For the virgins out there who would like to get a taste of litigation (or sadomasochists who just can’t get enough), I have come up with some simple rules to keep you embroiled in litigation for years to come.
These rules are needed because of the explosion of lawsuits in and around the film biz.
More and more folks are coming out of the woodwork to claim their ideas have been ripped off (“The Last Samurai” folks are currently involved in such a tussle). Also, complicated split-rights deals and fancy pre-sales arrangements with foreign partners are becoming the norm, and they’re are fraught with legal peril (consider the hot water Franchise got itself into by making foreign deals).
So, remember, if and when the legal boom is lowered on you and your pet project, keep these strictures in mind:
- Rely on oral agreements. Why put it in writing? It’s just so much more fun to let the court system sort out what was said. So go ahead, start principal photography relying on someone’s oral promise to arrange financing, and don’t forget to issue a press release (perhaps several) announcing the boatloads of cash promised you.
- If you are inclined for some reason to put it in writing, use a short deal memo or term sheet, and make it ambiguous as to whether it is intended to be legally binding.
For extra zest, include a vague allusion to the parties’ intention to enter into a subsequent long-form agreement, since that will give the judge something to ponder when, as is inevitable, the long-form pact is never circulated, much less signed.
As the coup de grace, incorporate by reference “customary terms and conditions,” since that will give expert witnesses plenty to debate for years to come.
Once you have covered your bases with those maneuvers, you can omit any discussion of at least half the important issues, since the ultimate goal is to replicate the certainty of an oral agreement.
- The next best approach is to go in the opposite direction and use a long-winded contract. A hundred pages or more is best. Salt it with capitalized words without definitions, and pepper it with incorrect cross-references to other paragraphs to keep everyone on their toes.
Attach as an exhibit pages and pages of standard terms and conditions that contradict the main agreement, and use half of that exhibit to restate the default rules that would apply anyway if the issues weren’t mentioned, but slightly misstate the default rules to leave everyone wondering if the difference were intended.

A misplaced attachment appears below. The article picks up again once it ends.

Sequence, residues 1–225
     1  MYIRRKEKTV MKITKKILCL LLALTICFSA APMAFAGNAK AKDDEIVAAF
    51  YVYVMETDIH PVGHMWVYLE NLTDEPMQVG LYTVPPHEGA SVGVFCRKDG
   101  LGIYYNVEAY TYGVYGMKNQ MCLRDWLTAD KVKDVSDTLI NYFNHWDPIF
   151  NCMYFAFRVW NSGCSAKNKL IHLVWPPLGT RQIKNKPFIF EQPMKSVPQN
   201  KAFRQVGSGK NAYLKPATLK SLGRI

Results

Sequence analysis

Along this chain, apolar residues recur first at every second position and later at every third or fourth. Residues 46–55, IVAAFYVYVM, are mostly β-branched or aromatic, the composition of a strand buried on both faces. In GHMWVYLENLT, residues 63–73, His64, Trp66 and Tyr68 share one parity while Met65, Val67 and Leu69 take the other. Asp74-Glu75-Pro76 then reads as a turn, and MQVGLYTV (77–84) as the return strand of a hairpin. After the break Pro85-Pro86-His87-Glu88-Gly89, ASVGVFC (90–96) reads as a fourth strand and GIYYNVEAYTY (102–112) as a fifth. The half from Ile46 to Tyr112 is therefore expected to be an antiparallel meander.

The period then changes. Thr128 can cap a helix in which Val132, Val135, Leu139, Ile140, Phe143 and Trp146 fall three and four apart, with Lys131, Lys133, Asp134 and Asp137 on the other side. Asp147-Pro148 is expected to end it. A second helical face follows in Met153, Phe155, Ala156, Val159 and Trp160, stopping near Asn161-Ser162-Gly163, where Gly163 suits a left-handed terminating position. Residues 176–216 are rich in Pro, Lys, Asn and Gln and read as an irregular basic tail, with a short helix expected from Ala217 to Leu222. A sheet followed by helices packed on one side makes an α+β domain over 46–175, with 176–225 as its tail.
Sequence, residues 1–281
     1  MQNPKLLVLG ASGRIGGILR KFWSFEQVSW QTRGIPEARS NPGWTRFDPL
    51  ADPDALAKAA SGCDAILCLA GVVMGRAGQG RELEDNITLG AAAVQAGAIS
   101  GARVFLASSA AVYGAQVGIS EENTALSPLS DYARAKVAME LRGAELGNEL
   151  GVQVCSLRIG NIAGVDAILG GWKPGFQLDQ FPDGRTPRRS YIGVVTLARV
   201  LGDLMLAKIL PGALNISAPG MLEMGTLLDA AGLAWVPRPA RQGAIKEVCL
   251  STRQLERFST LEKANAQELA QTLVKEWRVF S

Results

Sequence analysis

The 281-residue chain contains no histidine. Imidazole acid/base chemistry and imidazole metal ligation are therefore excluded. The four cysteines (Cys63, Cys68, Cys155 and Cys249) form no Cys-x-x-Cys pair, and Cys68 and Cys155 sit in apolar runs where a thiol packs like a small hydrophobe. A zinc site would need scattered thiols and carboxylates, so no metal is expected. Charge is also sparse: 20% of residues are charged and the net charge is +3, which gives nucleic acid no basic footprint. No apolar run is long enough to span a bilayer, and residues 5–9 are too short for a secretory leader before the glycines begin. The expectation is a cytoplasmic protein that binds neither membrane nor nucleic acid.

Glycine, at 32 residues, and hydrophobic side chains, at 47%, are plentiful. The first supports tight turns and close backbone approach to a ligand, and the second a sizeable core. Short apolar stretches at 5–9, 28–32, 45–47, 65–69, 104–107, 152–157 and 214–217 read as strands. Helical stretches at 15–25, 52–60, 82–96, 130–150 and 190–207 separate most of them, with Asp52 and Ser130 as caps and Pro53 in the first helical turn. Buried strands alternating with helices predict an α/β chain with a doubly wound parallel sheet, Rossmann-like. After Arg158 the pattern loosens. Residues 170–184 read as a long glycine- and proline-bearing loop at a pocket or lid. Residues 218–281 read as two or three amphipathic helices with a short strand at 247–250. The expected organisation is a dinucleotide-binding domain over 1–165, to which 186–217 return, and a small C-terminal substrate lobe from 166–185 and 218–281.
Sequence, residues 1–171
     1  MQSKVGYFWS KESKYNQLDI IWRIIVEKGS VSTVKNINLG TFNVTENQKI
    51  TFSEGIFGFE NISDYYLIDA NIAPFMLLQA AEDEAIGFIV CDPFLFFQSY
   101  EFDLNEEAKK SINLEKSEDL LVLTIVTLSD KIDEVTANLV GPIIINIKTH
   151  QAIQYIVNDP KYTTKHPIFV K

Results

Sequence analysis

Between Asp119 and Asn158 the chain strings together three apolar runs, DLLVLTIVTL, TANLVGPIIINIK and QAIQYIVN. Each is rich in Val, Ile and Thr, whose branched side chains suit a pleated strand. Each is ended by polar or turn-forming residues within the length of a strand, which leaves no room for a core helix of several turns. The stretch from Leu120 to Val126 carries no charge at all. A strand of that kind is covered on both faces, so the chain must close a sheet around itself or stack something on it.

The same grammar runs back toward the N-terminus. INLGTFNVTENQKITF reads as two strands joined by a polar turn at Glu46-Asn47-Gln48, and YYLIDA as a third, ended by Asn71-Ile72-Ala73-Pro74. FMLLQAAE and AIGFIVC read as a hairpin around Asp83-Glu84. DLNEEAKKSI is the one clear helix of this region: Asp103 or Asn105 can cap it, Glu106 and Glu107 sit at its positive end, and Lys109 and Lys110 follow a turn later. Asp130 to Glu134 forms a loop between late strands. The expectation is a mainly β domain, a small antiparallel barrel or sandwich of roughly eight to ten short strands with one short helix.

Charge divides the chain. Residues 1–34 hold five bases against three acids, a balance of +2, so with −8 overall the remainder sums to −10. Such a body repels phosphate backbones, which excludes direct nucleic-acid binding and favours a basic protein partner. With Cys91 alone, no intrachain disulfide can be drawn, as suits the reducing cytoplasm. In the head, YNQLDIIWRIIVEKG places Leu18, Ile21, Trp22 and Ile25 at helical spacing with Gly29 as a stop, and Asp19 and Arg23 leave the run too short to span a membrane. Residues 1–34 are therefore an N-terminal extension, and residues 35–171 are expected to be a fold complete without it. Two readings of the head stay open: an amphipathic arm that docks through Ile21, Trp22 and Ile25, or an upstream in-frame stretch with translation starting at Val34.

And never include either a table of contents or a table of defined terms, to make everyone hunt through hundreds of pages every time they are looking for any particular topic or definition.
- In all contracts, use lots of industry words that sound good but have multiple meanings, such as “co-production,” “attached” and “first-look.” It also helps to add unenforceable edicts, such as, “This is not a partnership.”
- Only do business with schemers, dreamers and screamers. Your goal is to do business only with eggshell-skinned, borderline paranoid schizophrenics. Irrationality is a must. Don’t check the reputation — or litigation history — of the people you do business with, since the litigation odds increase if you roll the dice. Or better yet, look for those with a legacy of litigation, as they are more likely to repeat it.
- Never opt for simplicity. Never use one entity when three would do, and add multiple layers of tax-sheltered financing, even when the transaction costs exceed the benefit. Never state in one sentence a thought that could be expressed in a paragraph — or two.
- Always insist on exclusive jurisdiction in your home city when the other side is a foreign company. This way, you will be able to litigate twice — once at home and once in the foreign country when you attempt to enforce your judgment there to reach assets.
- Provide for mandatory arbitration. Don’t worry; it usually takes as long and is as expensive as regular litigation, but there is nothing like that helpless feeling when the arbitrator rules against your sure-fire case, since as a practical matter there is no appeal. Yes, if you like the high-stakes risk of litigation, you’ll love arbitration.
- Don’t waive a trial before a jury, particularly if you are a big corporation. The goal is to get the adrenaline pumping, and nothing quite achieves it like the risk of a multimillion-dollar verdict at the hands of a jury of your peers.
- Don’t include a clause providing for attorney fees to the winner. You want the other side to find an under-employed attorney with nothing else to do and nothing to risk by taking on the case on a contingent fee basis.
- And never, ever settle! It’s the principle of the thing, lawyers’ fees be damned. Think of the long-term adverse consequences of settling — people might think you were reasonable.
Schuyler Moore is a partner at the law firm of Stroock & Stroock & Lavan, author of “The Biz: The Basic Business, Legal and Financial Aspects of the Film Industry,” and an adjunct professor at the UCLA School of Law and the UCLA Anderson School of Management, teaching Entertainment Law.